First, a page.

An Integrative Control Theory Perspective on Consciousness

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An integrative account of consciousness should have a number of properties. It should build upon a framework of non-conscious behavior in order to explain how and why consciousness contributes to, and addresses the limitations of, non-conscious processes. It should also encompass the primary (phenomenal), secondary (access) and tertiary (self-awareness) aspects of consciousness. A number of accounts have proposed a role for consciousness in the prediction of sensory input, yet these proposals do not address how organisms deal with multiple, unpredictable, disturbances to maintain control. According to Perceptual Control Theory (PCT), purposiveness is the control of hierarchically organized perceptual variables via changes in output that counteract disturbances which would otherwise increase error between the current value and the reference value (goal state) of each perceptual variable. In PCT, reorganization is the process required for the adaptive modification of control systems in order to reduce the error in intrinsic systems that control essential, largely physiological, variables. The current article proposes that primary consciousness emerges from this system, and is sustained as secondary consciousness through a number of processes including the control of the integration rate of novel information via exploratory behavior, attention, imagination, and altering the mutation rate of reorganization. Tertiary consciousness arises when internally sustained perceptual information is associated with specific symbols that form a parallel, propositional system for the use of language, logic, and other symbolic systems. The hypotheses and initial research designs to test this account are provided.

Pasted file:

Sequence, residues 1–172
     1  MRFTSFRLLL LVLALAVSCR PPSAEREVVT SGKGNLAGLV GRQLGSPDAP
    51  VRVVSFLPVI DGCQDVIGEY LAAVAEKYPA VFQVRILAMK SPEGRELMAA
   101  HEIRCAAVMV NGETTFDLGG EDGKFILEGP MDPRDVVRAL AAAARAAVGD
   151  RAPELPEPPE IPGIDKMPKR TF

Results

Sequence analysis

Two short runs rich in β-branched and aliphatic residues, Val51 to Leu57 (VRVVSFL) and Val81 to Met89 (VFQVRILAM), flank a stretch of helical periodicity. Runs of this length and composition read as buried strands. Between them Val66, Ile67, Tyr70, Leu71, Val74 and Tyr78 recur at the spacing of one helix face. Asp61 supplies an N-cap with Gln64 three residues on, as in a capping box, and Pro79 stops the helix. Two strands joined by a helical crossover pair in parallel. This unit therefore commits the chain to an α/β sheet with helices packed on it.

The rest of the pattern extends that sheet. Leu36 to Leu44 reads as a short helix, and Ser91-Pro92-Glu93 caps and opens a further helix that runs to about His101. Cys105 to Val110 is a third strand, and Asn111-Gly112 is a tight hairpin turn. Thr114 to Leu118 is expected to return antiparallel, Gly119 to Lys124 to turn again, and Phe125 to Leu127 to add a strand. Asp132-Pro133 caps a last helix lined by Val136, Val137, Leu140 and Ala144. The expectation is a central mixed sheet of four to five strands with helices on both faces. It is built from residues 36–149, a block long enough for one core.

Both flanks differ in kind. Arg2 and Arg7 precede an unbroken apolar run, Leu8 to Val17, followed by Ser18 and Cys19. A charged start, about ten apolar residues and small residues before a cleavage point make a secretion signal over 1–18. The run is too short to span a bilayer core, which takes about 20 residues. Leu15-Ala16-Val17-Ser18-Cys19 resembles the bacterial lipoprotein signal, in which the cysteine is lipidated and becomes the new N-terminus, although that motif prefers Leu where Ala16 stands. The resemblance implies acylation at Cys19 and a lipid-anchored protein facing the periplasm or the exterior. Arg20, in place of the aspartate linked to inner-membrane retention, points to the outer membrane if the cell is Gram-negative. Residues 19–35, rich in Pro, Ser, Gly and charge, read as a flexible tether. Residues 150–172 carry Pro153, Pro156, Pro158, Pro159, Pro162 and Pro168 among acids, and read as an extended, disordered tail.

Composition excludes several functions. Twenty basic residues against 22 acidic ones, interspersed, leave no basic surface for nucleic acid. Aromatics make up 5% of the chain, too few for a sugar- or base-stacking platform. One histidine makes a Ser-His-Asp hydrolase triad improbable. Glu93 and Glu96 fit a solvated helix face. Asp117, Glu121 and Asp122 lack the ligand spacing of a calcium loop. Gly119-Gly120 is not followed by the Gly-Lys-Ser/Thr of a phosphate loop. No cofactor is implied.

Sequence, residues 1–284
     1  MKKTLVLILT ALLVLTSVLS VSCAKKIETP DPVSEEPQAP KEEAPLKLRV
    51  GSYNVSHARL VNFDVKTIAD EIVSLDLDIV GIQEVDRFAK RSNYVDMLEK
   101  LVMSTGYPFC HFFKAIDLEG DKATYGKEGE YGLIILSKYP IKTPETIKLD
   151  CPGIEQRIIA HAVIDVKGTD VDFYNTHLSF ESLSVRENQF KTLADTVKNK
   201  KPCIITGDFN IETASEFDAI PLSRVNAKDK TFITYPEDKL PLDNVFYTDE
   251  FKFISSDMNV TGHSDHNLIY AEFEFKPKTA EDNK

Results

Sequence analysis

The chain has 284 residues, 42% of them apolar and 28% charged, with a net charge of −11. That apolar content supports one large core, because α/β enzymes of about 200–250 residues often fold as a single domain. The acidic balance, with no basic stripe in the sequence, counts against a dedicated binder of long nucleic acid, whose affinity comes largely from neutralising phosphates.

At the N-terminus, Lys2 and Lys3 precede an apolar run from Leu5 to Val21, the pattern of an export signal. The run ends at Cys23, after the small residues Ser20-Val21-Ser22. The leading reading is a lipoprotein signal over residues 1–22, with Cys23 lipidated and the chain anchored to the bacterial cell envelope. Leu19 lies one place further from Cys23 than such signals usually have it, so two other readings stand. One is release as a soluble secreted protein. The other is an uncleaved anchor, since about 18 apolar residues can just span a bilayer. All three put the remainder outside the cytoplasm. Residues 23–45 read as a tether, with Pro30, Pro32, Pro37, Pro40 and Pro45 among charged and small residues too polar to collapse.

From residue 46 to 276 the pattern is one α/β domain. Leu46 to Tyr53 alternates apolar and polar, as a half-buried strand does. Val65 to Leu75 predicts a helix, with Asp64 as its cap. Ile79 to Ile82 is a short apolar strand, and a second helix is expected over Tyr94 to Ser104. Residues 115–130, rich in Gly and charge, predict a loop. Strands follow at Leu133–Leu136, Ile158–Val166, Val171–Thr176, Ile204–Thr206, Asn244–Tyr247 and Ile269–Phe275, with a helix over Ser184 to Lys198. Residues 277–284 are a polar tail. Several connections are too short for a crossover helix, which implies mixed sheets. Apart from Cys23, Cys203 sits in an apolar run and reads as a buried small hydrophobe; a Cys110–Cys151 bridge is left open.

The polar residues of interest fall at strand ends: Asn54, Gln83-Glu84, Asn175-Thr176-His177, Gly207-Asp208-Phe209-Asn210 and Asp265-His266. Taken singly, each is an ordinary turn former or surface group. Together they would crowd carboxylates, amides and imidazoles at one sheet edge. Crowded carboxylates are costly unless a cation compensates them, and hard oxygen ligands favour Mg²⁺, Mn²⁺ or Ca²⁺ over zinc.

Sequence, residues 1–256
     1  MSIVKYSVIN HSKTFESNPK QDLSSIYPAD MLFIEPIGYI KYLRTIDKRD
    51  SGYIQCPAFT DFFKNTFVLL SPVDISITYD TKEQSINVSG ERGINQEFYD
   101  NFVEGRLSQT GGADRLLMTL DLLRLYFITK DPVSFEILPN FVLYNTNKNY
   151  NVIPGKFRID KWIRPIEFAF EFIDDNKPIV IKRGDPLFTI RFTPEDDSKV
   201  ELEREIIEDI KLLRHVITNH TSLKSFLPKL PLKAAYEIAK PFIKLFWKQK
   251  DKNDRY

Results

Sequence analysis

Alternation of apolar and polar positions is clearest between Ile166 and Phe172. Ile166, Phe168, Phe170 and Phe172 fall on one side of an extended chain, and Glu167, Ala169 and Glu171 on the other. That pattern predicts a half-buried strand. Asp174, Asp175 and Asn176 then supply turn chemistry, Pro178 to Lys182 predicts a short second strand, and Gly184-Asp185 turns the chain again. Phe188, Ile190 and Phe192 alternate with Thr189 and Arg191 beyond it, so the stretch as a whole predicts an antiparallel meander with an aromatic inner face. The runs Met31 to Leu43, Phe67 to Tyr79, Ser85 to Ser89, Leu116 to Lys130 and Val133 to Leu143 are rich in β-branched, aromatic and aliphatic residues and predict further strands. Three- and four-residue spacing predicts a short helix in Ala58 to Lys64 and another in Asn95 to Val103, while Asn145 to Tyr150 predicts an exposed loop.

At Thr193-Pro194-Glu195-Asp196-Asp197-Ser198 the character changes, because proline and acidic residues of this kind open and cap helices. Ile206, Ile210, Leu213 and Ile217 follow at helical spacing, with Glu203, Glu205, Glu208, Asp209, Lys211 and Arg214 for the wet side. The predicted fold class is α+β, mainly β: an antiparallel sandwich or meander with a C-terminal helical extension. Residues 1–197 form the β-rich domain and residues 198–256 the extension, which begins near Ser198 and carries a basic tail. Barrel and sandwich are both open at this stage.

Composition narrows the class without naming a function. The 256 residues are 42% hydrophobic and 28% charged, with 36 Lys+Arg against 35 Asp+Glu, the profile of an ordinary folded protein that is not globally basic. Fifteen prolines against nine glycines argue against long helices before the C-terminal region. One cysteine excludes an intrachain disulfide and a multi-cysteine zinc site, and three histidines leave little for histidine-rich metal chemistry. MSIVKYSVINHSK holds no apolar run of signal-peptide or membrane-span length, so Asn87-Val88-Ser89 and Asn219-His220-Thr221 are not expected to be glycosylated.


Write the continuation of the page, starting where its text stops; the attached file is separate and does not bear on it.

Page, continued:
Original languageEnglish
JournalPsychological Review
Publication statusPublished - 4 Jul 2022


  • consciousness
  • awareness
  • self-regulation
  • cybernetics
  • prediction


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